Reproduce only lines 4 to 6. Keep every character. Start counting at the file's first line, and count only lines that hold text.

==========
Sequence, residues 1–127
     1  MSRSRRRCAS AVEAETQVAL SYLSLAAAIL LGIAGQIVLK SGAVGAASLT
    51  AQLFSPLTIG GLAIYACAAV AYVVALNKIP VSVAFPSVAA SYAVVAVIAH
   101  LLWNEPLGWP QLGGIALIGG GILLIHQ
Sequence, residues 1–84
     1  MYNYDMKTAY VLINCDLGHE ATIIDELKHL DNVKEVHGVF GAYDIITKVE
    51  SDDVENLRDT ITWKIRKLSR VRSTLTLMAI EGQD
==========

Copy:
   101  LLWNEPLGWP QLGGIALIGG GILLIHQ
Sequence, residues 1–84
     1  MYNYDMKTAY VLINCDLGHE ATIIDELKHL DNVKEVHGVF GAYDIITKVE